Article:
The Dystonia Coalition team also happened to be there conducting research, so they took blood samples and videos of my playing to archive!
While in St. Louis, I was happy to visit my friend/mentor/horn player Thomas Jostlein who is the associate Principal Horn of the St. Louis Symphony, and speak with another horn player about the subject of embouchure dystonia.
Even though it wasn't a vacation, I really enjoyed the time away from Denver. I really needed the trip away. The photo above is a view from the hotel room. I spent most of the night sitting next to the window, eating an awesome dinner, looking out at the scene of the arch with all the city lights. I listened a podcast interviewing Marty Hackleman who discusses near the end of the interview his recent diagnosis of embouchure dystonia. I also started reading a hefty pile of books (photo below) I checked out from the library before I left Denver.
I can't tell you how relieving it was to talk to Dr. Perlmutter and ask him all kinds of questions I had, such as why Deep Brain Stimulation (DBS) surgery isn't allowed on musician's with embouchure dystonia in particular in the United States, when it is quickly gaining a reputation for curing musician's with hand dystonia...or even the use of Transcranial Direct Current Stimulation (TMS). Forgive me for not explaining the jargon well or things more thoroughly, as it is sometimes all greek to me as well. He was explaining to me how the brain registers musician's dystonia in both hemispheres and why it is not as easy to target the exact location during surgery as it is when conducting surgery for Essential Tremors which can be pinpointed. It's another reason why the experimental surgery on musicians is not approved in the United States. Most of the research using DBS and/or TMS is being conducted on more life-threatening forms of neurological disorders.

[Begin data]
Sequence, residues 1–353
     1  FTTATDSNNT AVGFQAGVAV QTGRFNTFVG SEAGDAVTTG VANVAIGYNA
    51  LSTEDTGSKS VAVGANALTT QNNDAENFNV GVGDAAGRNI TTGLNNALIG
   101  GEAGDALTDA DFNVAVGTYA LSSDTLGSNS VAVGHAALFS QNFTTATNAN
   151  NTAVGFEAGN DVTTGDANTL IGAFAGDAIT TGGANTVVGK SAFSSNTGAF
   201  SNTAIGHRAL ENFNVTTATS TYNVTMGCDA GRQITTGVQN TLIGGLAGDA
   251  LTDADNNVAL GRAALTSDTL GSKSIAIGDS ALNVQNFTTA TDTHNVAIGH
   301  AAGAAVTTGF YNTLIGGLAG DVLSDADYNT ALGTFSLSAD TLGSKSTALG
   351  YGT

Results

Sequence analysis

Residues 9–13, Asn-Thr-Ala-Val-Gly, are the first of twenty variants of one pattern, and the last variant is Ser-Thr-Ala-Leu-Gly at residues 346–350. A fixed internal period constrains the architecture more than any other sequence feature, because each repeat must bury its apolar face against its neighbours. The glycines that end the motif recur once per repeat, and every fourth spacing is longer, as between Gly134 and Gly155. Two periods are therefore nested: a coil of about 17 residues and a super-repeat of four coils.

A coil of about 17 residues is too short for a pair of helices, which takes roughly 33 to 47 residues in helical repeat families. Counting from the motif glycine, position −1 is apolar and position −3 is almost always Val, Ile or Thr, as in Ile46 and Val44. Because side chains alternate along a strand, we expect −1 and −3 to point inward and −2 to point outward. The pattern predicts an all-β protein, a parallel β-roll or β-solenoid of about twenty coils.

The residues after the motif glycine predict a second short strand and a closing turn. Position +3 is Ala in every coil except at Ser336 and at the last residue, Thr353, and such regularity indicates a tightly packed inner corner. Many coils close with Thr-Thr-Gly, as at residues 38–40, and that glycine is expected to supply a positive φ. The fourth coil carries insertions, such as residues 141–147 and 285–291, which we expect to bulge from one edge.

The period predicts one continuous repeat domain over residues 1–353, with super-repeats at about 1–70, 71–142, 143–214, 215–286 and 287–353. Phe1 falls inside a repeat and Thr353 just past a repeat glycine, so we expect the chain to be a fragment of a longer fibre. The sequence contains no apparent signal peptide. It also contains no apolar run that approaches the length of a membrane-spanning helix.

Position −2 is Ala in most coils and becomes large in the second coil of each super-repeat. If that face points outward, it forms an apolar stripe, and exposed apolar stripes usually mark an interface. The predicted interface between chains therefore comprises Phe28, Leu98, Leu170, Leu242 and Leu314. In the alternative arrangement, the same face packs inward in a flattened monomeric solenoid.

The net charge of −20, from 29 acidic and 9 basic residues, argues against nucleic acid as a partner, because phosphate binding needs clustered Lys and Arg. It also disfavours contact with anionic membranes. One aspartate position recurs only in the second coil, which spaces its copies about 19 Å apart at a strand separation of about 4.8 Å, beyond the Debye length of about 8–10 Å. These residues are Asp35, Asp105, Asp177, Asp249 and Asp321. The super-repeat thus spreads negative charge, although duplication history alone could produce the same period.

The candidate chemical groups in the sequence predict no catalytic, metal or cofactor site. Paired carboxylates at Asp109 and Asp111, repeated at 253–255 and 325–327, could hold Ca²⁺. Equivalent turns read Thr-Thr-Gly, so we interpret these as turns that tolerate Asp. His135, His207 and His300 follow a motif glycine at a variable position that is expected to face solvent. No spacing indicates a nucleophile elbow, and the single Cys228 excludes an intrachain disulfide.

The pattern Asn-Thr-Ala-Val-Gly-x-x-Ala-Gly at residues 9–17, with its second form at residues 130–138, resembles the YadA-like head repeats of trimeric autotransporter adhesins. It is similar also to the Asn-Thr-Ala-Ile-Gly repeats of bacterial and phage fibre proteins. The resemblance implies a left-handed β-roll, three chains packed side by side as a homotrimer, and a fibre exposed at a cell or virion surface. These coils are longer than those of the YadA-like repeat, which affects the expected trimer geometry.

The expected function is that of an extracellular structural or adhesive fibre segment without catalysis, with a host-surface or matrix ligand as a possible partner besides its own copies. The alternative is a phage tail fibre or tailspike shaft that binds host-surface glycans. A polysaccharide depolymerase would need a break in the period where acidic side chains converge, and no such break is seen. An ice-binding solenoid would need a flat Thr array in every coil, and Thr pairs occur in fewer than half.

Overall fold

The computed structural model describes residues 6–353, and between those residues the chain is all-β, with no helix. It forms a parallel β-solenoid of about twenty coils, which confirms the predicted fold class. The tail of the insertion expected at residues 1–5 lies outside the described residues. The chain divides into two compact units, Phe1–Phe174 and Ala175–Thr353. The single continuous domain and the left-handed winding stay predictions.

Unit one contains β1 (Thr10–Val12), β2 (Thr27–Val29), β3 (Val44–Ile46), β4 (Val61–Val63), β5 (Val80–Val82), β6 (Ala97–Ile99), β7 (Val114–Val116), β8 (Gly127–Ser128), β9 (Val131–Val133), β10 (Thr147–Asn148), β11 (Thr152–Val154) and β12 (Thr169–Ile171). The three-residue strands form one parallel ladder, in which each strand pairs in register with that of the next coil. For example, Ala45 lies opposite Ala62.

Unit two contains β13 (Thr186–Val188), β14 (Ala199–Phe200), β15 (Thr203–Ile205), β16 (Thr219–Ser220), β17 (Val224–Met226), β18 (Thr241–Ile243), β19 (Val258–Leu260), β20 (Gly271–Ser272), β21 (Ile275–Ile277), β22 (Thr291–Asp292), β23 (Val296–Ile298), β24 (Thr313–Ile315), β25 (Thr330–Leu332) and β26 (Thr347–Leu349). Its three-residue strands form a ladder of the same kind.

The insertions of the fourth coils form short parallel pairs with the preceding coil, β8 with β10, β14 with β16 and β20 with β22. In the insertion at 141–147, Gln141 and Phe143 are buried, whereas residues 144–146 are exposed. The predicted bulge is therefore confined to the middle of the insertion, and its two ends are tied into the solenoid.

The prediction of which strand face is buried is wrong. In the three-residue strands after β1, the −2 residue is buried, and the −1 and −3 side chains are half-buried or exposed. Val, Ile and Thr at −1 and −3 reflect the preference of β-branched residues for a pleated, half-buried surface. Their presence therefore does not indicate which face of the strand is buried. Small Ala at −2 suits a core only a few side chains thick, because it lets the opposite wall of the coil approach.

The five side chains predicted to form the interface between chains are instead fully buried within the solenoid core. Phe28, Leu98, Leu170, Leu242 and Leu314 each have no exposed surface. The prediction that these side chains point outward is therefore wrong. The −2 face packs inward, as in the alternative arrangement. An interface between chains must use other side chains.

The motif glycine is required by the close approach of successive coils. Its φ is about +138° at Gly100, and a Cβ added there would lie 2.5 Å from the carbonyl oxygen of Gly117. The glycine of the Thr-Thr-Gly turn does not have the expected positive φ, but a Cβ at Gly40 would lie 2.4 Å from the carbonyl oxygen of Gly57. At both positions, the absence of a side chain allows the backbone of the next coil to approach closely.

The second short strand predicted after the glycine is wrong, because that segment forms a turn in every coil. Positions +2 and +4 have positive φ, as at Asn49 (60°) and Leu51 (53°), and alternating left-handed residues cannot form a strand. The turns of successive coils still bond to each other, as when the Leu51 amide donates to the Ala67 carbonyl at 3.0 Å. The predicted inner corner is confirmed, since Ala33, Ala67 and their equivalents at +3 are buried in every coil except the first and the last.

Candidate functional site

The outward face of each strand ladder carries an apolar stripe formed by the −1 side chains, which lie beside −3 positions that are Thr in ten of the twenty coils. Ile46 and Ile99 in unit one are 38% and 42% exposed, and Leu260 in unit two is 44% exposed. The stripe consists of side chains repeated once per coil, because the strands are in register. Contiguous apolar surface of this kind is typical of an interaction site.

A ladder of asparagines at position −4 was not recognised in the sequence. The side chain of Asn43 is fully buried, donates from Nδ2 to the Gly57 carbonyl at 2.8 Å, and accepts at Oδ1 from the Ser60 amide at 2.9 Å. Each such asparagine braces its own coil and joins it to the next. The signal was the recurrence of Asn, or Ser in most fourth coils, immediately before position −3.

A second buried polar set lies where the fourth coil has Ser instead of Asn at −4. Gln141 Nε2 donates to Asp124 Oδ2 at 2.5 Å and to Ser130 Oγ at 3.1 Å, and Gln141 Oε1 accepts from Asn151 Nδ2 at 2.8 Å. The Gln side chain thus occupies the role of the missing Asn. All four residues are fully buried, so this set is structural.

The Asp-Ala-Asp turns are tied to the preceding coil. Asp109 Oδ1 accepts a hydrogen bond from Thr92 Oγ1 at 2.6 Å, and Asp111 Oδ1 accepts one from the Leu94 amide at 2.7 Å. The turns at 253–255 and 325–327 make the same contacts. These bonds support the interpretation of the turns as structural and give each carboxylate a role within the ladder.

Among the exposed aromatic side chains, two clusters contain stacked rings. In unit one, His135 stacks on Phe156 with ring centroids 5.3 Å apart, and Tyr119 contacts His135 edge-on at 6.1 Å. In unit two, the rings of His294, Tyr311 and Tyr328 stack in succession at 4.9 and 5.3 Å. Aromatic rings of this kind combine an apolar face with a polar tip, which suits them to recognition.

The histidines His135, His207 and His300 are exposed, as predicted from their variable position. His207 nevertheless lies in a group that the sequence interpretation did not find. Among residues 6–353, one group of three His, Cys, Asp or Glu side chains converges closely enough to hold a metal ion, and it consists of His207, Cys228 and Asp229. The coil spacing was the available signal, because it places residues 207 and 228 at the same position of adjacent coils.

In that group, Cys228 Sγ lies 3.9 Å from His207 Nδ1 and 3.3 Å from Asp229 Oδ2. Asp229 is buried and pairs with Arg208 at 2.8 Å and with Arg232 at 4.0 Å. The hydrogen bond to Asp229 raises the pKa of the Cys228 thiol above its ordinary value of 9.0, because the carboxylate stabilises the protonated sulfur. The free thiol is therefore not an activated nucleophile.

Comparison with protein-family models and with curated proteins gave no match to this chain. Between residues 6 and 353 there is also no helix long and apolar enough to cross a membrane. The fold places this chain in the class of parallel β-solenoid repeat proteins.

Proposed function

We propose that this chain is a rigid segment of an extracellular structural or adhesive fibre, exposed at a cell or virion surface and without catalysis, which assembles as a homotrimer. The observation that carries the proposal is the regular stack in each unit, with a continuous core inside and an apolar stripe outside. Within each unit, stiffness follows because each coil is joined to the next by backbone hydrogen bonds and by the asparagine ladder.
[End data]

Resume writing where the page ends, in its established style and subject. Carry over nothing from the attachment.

It was relieving to also work with Aimee Morris as she is also a french horn player who has experienced a physical setback in the past; Bell's Palsy. She is passionate about her research, and did a fantastic job of organizing everything from booking my flight, hotel, transportation, itinerary, and meals. Dr. Perlmutter performed neurological tests, and Aimee did the fMRI imaging on my brain, and conducted the playing tests/recordings, and the questionnaire.
Here is an image of my brain I was able to take home with me. Sorry for the blurriness, as I took a picture of it from my phone. It's not often you get to see images of your own brain up close.
It was a whirlwind day of tests, blood samples, questions, playing, recording, trying to not fall asleep in the fMRI machine for an hour, and video taping, that I can't remember all the details, nor do I understand exactly how all of this was measured even though the research article explains it below.
I just know I was ecstatic to be contributing to the research as a patient, and so proud and happy to see more neurologists within the United States becoming interested in contributing to the research being done on not only musician's dystonia, but in particular embouchure dystonia, which we don't have as much research on as hand dystonia.
Thomas was also interested in contributing, so he participated as a non-dystonic horn player to the study later on. Which moved me and made me really happy hearing he did that!
Anyways! Here is the link to the research publication on NCBI. You will need a subscription to read it. I wish I could give a huge thank you to Aimee, Dr. Perlmutter and the rest of the research team. I know I'm not the only musician involved, but it meant a lot to finally participate. It makes me feel like I did something important to help further the efforts and information on the disorder somehow.
Quantitative, Clinically Relevant Acoustic Measurements of Focal Embouchure Dystonia - Morris, A.E; Norris, S.A.; Perlmutter, J.S.; Mink, JW